May 18
Store reopening with restrictions
[details here]

May 25

July 4


Archived Newsletter Content


Newsletter #79 September November, 2007

Mystery Review
by Jeff Hatfield

        It was interesting to receive an e-mail order for a used hardcover copy of The Tick of Death (Invitation to a Dynamite Party in the U. K., ‘74) from the novel’s author, Diamond Dagger recipient Peter Lovesey. Soho Press has plans to reissue all eight of the scarce Victorian Sergeant Cribb titles in 2008. They needed a hardcover to work from–and Mr. Lovesey knew who to call. In 1969 Lovesey was a college lecturer in English with his eye on a 1,000 pound writing prize. The winning result was his first novel and first Sergeant Cribb (able assisted by Constable Thackeray) Wobble to Death. The series has the distinction of inaugurating the much loved BBC/PBS TV series “Mystery” in April, 1980. The return of Cribb and Thackeray will be very welcome.
        Recently Lovesey edited The Verdict of Us All ($20 trade paper, $43 ltd. ed. hardcover) with seventeen original stories by members of London’s Detection Club honoring fellow Diamond Dagger holder and long standing President of the Club H. R. F. Keating.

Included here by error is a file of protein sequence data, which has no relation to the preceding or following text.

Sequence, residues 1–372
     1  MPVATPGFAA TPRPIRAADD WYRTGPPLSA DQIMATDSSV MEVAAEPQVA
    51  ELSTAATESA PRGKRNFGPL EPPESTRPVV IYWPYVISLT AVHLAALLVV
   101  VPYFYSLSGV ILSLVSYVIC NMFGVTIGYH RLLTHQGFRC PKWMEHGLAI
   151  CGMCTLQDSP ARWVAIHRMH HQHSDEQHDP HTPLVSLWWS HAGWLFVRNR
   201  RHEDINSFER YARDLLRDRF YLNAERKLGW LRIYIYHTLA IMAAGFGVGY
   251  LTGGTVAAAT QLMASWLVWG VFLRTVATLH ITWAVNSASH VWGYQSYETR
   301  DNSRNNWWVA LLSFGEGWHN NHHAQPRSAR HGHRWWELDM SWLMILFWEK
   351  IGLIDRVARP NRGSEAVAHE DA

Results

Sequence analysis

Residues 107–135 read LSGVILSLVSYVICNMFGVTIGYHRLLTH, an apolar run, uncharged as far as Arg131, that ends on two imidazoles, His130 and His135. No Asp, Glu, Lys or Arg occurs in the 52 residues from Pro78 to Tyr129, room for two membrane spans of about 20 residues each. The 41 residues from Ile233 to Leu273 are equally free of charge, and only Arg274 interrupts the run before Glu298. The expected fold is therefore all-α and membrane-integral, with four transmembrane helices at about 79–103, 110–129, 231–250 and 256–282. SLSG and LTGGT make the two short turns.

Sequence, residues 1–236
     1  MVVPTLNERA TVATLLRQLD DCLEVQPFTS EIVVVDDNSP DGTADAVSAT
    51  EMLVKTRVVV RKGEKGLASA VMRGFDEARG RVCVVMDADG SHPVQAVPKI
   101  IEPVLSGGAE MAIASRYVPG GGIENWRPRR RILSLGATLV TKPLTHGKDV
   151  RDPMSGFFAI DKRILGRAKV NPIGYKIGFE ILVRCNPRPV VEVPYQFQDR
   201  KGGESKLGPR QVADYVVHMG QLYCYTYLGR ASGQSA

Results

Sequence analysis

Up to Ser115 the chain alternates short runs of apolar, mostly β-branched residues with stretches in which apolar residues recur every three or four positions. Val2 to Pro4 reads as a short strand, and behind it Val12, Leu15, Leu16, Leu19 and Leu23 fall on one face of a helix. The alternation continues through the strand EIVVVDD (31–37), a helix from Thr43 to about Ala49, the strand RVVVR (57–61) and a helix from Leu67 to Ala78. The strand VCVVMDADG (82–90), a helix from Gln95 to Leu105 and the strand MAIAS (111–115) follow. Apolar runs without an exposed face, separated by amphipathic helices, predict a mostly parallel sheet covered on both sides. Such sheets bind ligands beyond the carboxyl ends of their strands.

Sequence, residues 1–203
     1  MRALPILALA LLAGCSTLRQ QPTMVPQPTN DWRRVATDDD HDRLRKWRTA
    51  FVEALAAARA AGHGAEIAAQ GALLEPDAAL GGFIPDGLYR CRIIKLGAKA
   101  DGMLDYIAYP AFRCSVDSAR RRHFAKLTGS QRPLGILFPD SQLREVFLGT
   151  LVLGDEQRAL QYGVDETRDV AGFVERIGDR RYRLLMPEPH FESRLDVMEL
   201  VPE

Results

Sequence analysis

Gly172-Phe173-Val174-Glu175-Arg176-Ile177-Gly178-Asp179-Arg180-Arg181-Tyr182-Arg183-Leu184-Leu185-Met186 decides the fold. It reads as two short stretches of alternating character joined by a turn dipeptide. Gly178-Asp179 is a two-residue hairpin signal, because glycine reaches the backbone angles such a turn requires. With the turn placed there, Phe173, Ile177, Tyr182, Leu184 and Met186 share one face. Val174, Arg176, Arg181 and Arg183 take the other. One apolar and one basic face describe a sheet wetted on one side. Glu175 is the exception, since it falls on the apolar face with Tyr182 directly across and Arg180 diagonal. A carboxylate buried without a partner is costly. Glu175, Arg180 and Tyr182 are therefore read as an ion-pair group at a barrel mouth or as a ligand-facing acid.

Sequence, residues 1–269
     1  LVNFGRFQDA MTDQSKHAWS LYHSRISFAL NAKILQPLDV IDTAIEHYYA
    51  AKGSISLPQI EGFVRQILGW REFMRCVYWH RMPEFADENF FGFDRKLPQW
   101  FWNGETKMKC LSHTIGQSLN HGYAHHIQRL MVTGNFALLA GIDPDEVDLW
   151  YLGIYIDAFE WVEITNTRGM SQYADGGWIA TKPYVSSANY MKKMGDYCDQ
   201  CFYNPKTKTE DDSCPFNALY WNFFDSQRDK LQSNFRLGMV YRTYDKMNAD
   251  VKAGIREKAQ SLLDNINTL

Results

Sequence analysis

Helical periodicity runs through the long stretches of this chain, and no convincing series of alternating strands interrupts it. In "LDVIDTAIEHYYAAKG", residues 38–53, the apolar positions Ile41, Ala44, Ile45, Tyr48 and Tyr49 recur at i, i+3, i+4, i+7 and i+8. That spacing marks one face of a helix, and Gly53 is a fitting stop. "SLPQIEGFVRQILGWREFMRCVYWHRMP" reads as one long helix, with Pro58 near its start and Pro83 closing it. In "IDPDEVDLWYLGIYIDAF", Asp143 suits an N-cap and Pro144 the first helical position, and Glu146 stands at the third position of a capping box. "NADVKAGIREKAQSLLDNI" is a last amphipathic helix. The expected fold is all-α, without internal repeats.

Out this May was Lovesey’s The Secret Hangman ($24), the ninth featuring Detective Superintendent Peter Diamond. In this moderately paced Scotland Yard procedural Diamond pursues a Bath serial killer who prominently displays his victims in public places. He’s distracted in his investigation by a secret admirer and a romantic interest of his own. His colleagues (and likely the reader) are also distracted by the entanglement. The clank of coincidence slightly mars the plot, but excellent dialogue and humorous moments help propel this strong entry to this fine series. Still, it falls short of The Vault ($13), the high water mark in the Peter Diamond set, and clearly the fan favorite of the series.

Mystery Reviews
by Gerri Balter

        For those of you who are fans of the Emma Lord series, you have heard about Vida and her deceased husband. In The Alpine Quilt by Mary Daheim ($6.99), we find out what happened to Vida’s husband. It begins with the Genevieve Baynard’s murder. She comes home to see her old friends and her son. Not everyone is happy to see her. Vida has nothing good to say about her even before her death and that doesn’t change afterwards. She refuses to tell Emma why she hates Genevieve so much. Since she was out of town when Genevieve was killed, Emma is sure Vida had nothing to do with Genevieve’s death. Emma finds out that Vida was in town when Genevieve was murdered. Could she be guilty? Emma doesn’t want to think so. The problem is that Vida seems to be the only suspect left. Emma has to dig deeper to find out the truth. What she finds is more shocking than anything she imagines.